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I have a bash script that calls a few rake tasks in succession. This script is called by a continuous integration server. The problem is that if the integration server kills the task (by sending the script a SIGTERM), I can't get the entire process tree to get killed. For instance, if Rake is running a set of rspec tests using the Parallel feature, the script and top level rake command can be killed, but inevitably some threads continue.

So far, I've tried many different ways of using the 'trap' command inside the bash script. I've tried finding all subprocess with pstree, using "kill -9 0" to kill the current process group, etc. If the script is killed while a rake tasks is running, however, it seems to bypass the trap. As far as I can tell Rake, or perhaps Ruby's threading library, does something odd to the process group or possibly interferes with the trap.

If the script is not in the middle of a rake task, it will trap the SIGTERM correctly, echo "Received SIGTERM", then kill all descendants.

How is it possible for Rake to interfere with a trap statement in the parent process (bash script)?

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up vote 1 down vote accepted

Bash assumes that the entire process group received the signal, so it will wait for the currently executing command to finish to determine what to do (more info). The trap will not run until the command has finished.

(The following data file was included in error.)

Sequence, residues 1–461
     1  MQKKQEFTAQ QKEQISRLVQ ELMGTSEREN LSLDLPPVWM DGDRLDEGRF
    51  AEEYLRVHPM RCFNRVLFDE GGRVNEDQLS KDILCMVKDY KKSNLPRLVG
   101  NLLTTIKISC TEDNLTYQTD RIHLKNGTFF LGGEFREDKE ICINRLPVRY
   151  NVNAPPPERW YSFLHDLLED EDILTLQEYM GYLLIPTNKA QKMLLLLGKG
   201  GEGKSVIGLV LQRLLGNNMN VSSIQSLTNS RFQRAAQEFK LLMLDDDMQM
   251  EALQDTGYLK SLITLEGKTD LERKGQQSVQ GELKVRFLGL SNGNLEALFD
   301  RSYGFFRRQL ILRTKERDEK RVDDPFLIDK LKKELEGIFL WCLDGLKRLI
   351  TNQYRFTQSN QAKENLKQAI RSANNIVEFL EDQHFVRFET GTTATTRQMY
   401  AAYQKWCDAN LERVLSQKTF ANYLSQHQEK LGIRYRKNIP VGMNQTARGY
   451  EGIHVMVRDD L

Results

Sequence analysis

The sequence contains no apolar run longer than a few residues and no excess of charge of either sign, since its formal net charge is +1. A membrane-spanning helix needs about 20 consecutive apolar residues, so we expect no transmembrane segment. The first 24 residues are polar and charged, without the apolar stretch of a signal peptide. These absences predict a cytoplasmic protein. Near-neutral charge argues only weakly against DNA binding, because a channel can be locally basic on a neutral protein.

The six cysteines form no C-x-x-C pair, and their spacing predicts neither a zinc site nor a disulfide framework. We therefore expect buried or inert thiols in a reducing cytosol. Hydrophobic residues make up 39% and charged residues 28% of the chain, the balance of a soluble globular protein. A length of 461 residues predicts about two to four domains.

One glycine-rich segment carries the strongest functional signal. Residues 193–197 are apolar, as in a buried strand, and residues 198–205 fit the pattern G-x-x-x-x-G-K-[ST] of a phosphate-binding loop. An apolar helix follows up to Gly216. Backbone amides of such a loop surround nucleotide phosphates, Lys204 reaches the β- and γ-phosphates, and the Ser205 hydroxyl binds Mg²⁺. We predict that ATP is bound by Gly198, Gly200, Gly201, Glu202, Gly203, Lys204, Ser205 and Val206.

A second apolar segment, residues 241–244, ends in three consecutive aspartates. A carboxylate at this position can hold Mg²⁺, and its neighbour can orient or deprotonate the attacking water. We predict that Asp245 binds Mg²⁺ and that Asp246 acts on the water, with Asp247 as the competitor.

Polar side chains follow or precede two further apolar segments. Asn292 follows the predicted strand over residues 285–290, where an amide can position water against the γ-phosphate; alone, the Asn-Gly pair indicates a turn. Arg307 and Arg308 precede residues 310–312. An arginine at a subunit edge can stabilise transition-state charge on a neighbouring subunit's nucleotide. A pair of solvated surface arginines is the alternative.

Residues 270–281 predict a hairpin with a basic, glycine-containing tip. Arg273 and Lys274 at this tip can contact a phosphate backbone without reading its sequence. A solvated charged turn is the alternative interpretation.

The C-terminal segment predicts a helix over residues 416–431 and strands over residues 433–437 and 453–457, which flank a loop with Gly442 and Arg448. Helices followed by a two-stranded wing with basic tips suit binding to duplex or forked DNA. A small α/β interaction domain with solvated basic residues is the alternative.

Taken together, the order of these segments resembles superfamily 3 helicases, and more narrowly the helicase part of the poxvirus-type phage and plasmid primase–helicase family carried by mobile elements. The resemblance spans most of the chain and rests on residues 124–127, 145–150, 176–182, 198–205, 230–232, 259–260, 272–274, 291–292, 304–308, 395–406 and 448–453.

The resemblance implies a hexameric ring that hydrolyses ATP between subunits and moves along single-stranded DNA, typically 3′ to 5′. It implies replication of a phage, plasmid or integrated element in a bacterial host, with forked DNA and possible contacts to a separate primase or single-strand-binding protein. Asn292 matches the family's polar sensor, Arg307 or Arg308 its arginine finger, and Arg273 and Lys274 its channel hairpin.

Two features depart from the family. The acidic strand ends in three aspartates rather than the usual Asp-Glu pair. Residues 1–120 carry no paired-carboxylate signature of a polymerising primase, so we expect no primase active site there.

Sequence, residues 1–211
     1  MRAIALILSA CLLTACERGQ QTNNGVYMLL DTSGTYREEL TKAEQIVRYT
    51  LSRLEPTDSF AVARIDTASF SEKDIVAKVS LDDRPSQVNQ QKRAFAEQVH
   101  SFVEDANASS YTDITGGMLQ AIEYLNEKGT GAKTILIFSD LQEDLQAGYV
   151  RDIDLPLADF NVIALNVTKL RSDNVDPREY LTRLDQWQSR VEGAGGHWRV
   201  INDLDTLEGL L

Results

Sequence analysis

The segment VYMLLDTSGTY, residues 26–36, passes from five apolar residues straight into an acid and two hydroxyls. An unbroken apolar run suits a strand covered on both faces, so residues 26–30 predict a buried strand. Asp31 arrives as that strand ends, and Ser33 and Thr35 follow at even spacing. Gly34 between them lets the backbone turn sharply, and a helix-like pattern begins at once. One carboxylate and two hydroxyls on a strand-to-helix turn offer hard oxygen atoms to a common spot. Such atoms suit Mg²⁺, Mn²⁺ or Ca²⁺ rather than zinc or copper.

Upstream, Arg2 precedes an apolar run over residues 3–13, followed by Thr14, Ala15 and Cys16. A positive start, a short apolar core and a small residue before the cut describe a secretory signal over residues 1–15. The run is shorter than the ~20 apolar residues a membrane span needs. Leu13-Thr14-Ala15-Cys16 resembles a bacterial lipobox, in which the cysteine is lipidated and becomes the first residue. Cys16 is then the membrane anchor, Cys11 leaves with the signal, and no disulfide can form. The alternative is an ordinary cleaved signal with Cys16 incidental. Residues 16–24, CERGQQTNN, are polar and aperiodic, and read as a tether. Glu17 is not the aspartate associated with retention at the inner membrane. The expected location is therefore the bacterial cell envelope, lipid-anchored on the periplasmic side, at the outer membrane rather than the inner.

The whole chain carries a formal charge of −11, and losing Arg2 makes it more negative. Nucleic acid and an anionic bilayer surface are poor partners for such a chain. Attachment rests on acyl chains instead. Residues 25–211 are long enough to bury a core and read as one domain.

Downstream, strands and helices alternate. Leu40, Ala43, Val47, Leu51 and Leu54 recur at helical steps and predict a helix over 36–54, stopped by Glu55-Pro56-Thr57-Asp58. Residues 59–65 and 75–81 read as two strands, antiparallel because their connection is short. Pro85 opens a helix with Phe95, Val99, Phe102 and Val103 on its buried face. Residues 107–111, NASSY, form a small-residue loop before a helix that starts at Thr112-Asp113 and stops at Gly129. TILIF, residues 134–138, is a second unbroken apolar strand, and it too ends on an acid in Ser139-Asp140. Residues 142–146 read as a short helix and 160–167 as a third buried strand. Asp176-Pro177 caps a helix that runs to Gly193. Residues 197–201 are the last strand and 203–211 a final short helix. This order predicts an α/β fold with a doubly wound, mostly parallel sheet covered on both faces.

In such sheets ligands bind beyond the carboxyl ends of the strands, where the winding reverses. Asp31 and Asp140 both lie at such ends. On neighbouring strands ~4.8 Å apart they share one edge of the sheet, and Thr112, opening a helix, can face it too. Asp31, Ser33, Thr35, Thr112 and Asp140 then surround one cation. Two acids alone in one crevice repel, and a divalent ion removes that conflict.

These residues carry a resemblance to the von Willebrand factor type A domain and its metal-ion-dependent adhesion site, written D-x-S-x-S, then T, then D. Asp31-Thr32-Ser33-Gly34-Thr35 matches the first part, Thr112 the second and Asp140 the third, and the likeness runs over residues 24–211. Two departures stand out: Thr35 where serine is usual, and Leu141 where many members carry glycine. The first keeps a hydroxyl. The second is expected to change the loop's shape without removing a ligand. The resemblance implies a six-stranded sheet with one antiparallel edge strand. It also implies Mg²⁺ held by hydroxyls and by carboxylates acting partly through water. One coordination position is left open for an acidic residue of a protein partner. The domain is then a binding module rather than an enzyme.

If you don't want to wait for the command to finish, you can instead use

trap 'kill $!' TERM
job &
wait $!

wait will exit immediately when the shell receives SIGTERM, causing your trap to run at once.

share|improve this answer
I was able to use this in a limited fashion. I could only do it in the top level script (that receives the SIGTERM directly). Also I still couldn't get a handle on the process id group to kill all descendants (I either killed nothing or everything including the continous integration server itself), so I had to do an ugly "killall -9 rake" in the trap. However, it solves core problem of reliably being able to execute any trap statement, so I'm accepting it.. – Peter Groves Jan 30 '13 at 3:17
When you run commands with & they should become a new process group killable with kill -TERM -$! – that other guy Jan 30 '13 at 5:33

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